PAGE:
May 28, 2019 Lynch files Final Reply in Lynch vs USA
Free Federal Public Defenders file Reply in Lynch vs USA asking Supreme Court to hear the case. The briefs will be distributed to the Justices tomorrow, and they will hold a conference to decide whether to accept the case (as well as many other cases) on June 13. We should learn the Court’s decision on June 17, or later if the Court needs additional time to consider the petition.
"Almost no criminal cases go to trial these days. On those rare occasions when they do, courts should jealously protect the jury’s historic duty to decide the defendant’s guilt or innocence, and to issue a verdict on behalf of the community. That didn’t happen when Petitioner Charles Lynch defended himself against federal marijuana charges."
"After a prospective juror balked at the idea of convicting Lynch for running a state-legal medical marijuana dispensary, the trial judge issued an anti-nullification instruction that effectively threatened punishment if jurors disobeyed, and polled each juror individually to ensure none would."
"Lynch could have prevailed at trial nonetheless, for he had a defense to the charges: a federal Drug Enforcement Administration official had told him that the legality of his proposed dispensary was a matter of local law."
"Though college-educated, Petitioner had no legal training, and struggled to understand how federal law seemed to criminalize marijuana, while California openly embraced medical marijuana. He studied the conflicting laws as best he could, and tentatively concluded that the Tenth Amendment reserved to the States authority to legalize medical marijuana. How else to explain the hundreds of dispensaries operating in plain sight? Petitioner’s call to the DEA confirmed the apparent correctness of that understanding, which he then included on dispensary forms."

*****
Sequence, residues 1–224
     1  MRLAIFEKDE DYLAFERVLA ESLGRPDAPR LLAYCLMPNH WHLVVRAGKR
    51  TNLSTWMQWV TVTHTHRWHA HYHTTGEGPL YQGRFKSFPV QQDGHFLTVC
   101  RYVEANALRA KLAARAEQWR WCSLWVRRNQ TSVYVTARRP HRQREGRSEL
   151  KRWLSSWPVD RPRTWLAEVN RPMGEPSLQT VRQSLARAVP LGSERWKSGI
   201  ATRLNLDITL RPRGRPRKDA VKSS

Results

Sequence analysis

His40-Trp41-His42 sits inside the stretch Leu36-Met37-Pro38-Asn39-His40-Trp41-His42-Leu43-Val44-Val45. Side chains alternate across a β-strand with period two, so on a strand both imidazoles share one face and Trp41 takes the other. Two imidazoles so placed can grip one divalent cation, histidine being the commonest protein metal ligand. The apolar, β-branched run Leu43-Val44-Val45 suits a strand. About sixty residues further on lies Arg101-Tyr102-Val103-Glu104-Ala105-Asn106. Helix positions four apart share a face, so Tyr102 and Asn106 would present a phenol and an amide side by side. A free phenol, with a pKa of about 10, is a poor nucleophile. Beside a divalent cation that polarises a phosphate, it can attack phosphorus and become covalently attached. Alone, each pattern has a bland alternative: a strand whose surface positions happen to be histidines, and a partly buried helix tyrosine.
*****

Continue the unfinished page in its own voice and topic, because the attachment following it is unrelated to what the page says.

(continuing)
"The Ninth Circuit issued a final judgment affirming Petitioner’s conviction. Lynch, 903 F.3d at 1087. Short of habeas relief, no alternatives remain for overturning that conviction beyond this petition for certiorari."
The Ninth Circuit’s decision doubly diminishes the historic role of the citizenjury in a criminal case, deepens divisions among the lower courts, and contradicts Supreme Court precedent. The Court should grant the petition.
May 28, 2019 Respectfully submitted,
Federal Public Defender
ALEXANDRA W. YATES
Deputy Federal Public Defender
Counsel of Record
Attorneys for Petitioner